Monday, December 22, 2014

For all those serving this Christmas

As a veteran myself, I would like to extend my thanks and everlasting appreciation for the millions of men and women who do, and have, spent their Christmas away from family, whether on a safe and secure Air Force base like I did, or in the face of hostile guns, as many still do today. They embody the true spirit of giving.

In their honor, I present the original Merry Christmas, My Friend by LCpl James M. Schmidt, written in 1986. Although written about a Marine, the wonderful sentiment crosses all service boundaries.

Twas the night before Christmas, he lived all alone, 
In a one bedroom house made of plaster & stone. 

I had come down the chimney, with presents to give 
and to see just who in this home did live 

As I looked all about, a strange sight I did see, 
no tinsel, no presents, not even a tree. 
No stocking by the fire, just boots filled with sand. 
On the wall hung pictures of a far distant land. 

With medals and badges, awards of all kind, 
a sobering thought soon came to my mind. 
For this house was different, unlike any I'd seen. 
This was the home of a U.S. Marine. 

I'd heard stories about them, I had to see more, 
so I walked down the hall and pushed open the door. 
And there he lay sleeping, silent, alone, 
Curled up on the floor in his one-bedroom home. 

He seemed so gentle, his face so serene, 
Not how I pictured a U.S. Marine. 
Was this the hero, of whom I’d just read? 
Curled up in his poncho, a floor for his bed? 

His head was clean-shaven, his weathered face tan. 
I soon understood, this was more than a man.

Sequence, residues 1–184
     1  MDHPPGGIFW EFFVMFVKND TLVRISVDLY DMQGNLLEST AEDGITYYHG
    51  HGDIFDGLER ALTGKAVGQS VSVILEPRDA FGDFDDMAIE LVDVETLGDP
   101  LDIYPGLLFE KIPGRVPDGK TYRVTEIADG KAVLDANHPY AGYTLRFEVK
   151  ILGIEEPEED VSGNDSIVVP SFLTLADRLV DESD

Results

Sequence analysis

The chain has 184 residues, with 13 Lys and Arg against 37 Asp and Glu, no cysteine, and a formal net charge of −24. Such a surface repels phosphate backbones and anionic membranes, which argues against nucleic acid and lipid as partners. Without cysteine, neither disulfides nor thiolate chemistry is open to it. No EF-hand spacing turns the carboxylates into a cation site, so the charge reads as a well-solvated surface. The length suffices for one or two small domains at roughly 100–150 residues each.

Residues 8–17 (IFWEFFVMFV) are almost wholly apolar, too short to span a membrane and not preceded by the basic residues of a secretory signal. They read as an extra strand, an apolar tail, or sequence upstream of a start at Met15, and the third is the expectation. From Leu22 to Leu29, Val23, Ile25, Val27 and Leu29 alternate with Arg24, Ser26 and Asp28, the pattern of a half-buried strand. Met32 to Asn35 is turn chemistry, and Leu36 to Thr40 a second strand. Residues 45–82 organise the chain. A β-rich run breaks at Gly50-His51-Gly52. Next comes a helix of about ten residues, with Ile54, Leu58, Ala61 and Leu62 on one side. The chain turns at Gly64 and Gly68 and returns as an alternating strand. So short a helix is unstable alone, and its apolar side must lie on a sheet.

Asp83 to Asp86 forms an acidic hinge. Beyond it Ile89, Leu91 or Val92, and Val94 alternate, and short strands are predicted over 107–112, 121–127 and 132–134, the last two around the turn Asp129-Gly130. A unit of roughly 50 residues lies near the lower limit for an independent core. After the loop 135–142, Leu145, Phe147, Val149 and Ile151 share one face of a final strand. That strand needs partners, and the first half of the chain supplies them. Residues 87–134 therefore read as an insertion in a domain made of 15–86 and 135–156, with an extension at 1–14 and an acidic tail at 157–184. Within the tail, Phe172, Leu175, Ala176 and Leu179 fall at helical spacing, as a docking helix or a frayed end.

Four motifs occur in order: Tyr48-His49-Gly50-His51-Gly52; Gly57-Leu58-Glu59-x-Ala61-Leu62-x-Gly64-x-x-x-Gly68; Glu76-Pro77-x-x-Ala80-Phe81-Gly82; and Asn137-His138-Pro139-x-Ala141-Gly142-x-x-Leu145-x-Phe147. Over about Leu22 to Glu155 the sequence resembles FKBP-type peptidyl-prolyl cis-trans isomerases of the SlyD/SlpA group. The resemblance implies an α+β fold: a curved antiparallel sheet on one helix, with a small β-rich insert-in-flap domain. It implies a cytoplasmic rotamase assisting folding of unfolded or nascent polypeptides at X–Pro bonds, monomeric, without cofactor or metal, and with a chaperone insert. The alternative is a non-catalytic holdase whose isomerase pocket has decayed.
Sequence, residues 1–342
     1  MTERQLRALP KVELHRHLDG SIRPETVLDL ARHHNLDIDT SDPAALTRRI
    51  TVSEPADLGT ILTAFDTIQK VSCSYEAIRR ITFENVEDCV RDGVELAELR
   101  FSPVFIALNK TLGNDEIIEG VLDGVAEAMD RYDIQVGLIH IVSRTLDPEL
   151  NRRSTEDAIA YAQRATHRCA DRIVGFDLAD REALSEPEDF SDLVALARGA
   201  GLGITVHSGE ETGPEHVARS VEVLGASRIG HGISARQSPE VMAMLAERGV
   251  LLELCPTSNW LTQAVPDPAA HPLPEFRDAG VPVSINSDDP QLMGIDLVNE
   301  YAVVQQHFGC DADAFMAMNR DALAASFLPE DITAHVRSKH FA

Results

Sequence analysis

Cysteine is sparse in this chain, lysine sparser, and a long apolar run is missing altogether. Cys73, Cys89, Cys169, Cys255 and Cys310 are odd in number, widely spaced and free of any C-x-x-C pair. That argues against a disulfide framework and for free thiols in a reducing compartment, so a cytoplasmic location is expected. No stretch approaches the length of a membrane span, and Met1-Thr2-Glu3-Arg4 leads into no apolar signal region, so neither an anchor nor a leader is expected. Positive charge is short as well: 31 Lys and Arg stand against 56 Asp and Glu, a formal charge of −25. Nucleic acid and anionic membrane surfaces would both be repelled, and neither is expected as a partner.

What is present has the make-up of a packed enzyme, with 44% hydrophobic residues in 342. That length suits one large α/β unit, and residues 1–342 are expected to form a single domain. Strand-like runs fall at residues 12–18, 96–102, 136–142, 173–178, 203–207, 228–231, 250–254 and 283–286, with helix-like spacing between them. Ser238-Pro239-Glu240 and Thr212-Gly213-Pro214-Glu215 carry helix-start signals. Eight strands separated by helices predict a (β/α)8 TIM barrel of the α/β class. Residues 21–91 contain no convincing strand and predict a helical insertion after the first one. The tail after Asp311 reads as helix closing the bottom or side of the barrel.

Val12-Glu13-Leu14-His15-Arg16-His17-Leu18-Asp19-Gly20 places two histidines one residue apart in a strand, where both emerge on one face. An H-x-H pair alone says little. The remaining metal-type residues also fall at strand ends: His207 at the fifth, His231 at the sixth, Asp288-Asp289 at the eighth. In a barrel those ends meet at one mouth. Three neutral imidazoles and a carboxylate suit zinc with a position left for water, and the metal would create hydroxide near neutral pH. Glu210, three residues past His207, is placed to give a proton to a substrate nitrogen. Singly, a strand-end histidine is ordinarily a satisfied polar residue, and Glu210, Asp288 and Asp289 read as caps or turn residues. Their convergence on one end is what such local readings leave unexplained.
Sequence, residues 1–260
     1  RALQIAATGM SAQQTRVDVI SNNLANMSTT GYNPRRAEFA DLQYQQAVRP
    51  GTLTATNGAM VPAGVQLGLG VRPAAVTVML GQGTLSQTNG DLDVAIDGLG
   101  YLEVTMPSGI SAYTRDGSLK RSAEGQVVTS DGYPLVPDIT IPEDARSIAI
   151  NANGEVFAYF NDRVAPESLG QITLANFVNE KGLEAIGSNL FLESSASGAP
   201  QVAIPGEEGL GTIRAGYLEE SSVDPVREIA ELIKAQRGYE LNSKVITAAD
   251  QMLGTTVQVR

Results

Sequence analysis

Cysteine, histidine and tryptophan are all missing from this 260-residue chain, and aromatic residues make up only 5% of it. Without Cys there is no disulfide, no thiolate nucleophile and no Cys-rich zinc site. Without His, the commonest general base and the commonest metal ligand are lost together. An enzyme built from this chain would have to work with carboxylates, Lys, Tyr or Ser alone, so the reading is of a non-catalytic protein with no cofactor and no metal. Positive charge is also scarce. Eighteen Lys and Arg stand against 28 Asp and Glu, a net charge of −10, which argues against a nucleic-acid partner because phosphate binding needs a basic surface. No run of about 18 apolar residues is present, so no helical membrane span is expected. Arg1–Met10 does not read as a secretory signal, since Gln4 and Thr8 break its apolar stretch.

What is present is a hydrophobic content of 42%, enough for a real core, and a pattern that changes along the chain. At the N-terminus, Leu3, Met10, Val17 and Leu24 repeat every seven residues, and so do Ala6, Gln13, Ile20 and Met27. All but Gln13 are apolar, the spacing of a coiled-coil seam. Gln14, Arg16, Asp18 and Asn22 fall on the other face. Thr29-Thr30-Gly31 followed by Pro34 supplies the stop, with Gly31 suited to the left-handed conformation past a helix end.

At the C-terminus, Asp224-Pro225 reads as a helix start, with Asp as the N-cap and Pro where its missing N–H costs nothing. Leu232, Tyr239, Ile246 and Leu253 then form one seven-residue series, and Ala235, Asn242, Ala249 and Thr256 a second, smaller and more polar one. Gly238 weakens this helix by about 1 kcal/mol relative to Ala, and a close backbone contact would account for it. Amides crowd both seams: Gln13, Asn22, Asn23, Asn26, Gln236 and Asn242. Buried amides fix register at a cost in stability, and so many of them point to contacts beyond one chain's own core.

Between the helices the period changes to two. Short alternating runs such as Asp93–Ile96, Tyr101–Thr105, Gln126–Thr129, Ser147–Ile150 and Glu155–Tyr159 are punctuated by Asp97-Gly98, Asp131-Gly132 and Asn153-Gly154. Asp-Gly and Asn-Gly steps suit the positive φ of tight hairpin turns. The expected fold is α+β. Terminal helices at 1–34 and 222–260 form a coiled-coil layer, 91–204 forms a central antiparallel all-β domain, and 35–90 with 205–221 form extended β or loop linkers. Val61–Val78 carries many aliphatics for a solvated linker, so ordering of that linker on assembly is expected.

For I realized the families that I saw that night, 
owed their lives to these men, who were willing to fight. 

Soon around the Nation, the children would play, 
And grown-ups would celebrate on a bright Christmas day. 
They all enjoyed freedom, each month and all year, 
because of Marines like this one lying here. 

I couldn’t help wonder how many lay alone, 
on a cold Christmas Eve, in a land far from home. 
Just the very thought brought a tear to my eye. 
I dropped to my knees and I started to cry. 

He must have awoken, for I heard a rough voice, 
"Santa, don't cry, this life is my choice 
I fight for freedom, I don't ask for more. 
My life is my God, my country, my Corps." 

With that he rolled over, drifted off into sleep, 
I couldn't control it, I continued to weep. 

I watched him for hours, so silent and still. 
I noticed he shivered from the cold night's chill. 
So I took off my jacket, the one made of red, 
and covered this Marine from his toes to his head. 
Then I put on his T-shirt of scarlet and gold, 
with an eagle, globe and anchor emblazoned so bold. 
And although it barely fit me, I began to swell with pride, 
and for one shining moment, I was Marine Corps deep inside. 

I didn't want to leave him so quiet in the night, 
this guardian of honor so willing to fight. 
But half asleep he rolled over, and in a voice clean and pure, 
said "Carry on, Santa, it's Christmas Day, all secure." 
One look at my watch and I knew he was right, 
Merry Christmas my friend, Semper Fi and goodnight.

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